If you want to maximize your rewards, you could pair the Amex Green Card with a flat-rate cash back card such as Citi® Double Cash Card, which effectively earns 2 percent back on all purchases – 1 percent when you charge and another 1 percent when you pay those charges. You could use the Amex Green Card for travel and restaurants and the Double Cash Card for everything else.

Because of its relatively high annual fee, the card really makes the most sense for people who are interested in a discount on a CLEAR membership (make sure your home airport has it) or who can make the most of the LoungeBuddy access. Check out both those programs before signing up.

Editorial Disclaimer

The editorial content on this page is based solely on the objective assessment of our writers and is not driven by advertising dollars. It has not been provided or commissioned by the credit card issuers. However, we may receive compensation when you click on links to products from our partners.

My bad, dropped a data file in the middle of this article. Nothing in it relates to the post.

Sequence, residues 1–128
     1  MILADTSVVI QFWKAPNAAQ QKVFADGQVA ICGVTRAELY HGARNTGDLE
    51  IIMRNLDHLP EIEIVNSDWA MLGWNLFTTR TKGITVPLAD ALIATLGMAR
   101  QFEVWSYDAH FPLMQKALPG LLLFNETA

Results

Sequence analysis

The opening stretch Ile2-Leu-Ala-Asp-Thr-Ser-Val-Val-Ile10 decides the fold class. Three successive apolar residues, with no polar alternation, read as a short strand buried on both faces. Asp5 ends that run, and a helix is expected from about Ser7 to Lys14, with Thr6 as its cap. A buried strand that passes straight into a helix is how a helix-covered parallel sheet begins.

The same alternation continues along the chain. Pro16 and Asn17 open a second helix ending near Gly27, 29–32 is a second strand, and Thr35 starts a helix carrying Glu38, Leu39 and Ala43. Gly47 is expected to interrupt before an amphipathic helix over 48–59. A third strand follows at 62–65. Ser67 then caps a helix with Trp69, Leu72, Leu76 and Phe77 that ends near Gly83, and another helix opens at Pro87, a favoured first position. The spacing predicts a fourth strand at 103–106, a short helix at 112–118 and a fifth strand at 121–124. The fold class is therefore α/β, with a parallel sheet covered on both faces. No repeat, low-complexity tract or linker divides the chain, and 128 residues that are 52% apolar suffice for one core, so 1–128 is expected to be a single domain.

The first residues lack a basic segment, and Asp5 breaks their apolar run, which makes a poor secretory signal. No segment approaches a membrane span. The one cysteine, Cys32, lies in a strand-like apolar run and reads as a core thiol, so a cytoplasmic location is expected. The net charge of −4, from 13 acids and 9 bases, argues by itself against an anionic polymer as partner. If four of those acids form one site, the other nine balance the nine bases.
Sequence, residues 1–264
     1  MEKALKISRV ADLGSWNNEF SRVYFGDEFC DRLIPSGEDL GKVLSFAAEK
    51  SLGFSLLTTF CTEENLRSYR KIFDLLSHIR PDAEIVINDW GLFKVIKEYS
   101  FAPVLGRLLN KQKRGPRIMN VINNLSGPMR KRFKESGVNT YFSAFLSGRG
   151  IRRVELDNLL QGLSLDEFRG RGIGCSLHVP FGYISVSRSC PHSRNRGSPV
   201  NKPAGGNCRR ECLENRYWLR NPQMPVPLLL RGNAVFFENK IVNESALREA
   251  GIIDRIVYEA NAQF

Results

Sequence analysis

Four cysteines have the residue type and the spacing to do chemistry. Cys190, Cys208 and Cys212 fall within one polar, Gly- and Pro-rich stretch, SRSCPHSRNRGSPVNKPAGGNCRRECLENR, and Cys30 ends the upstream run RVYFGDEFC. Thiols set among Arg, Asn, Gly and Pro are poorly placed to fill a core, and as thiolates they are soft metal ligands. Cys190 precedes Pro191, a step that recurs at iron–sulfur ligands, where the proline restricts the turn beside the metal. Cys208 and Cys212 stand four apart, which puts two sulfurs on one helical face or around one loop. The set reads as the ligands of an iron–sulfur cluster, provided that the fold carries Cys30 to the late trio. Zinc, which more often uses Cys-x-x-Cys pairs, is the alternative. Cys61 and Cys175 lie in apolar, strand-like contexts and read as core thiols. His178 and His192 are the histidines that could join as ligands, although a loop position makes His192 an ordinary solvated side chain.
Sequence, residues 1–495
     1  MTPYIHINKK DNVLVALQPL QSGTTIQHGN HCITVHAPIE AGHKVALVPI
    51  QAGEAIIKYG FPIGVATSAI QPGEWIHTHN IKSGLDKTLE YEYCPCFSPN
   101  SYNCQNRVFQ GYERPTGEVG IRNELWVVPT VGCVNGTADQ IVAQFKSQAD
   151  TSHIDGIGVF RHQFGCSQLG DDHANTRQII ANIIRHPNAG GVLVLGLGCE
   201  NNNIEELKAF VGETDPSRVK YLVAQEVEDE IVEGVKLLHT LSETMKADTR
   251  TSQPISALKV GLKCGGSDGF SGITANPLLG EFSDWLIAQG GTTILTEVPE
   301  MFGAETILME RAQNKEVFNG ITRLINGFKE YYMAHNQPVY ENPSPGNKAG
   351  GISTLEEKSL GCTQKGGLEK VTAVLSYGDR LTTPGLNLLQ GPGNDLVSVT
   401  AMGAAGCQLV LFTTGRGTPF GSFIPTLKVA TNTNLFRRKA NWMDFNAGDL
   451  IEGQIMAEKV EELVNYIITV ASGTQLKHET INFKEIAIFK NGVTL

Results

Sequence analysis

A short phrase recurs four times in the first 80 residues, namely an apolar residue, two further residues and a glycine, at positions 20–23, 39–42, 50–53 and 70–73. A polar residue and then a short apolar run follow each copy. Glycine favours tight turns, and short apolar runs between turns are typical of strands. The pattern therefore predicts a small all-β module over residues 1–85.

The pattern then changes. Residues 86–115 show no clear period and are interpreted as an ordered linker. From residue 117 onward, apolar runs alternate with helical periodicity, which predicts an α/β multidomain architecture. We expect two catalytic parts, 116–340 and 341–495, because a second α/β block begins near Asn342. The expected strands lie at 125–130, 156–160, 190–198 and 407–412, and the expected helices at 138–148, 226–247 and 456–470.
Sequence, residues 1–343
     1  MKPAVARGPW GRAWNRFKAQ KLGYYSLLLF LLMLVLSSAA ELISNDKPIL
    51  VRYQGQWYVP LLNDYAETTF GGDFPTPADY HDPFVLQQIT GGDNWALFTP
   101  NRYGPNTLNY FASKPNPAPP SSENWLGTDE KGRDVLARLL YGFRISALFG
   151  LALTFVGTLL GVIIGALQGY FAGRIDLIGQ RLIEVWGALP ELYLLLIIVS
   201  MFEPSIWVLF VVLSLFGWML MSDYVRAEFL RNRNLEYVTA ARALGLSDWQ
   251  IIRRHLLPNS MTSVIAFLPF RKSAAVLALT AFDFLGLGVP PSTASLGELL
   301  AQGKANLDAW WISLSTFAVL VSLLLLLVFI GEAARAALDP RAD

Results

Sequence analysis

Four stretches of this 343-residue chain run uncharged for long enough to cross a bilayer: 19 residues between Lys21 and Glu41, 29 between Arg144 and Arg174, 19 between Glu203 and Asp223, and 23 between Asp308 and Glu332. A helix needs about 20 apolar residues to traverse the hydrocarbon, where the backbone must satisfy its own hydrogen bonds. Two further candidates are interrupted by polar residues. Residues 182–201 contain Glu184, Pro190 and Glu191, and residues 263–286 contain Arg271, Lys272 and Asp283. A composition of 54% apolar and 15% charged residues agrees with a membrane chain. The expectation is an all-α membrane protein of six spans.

What’s up next?

In Card advice

What credit score do I need for the Amex Blue Cash Preferred?

The Blue Cash Preferred Card from American Express earns high cash back rates at U.S. supermarkets and gas stations and select U.S. streaming services. Keep reading to learn what credit score you need to get approved and how you can improve your chances.

See more stories
Credit Card Rate Report
Cash Back

Questions or comments?

Contact us

Editorial corrections policies

Learn more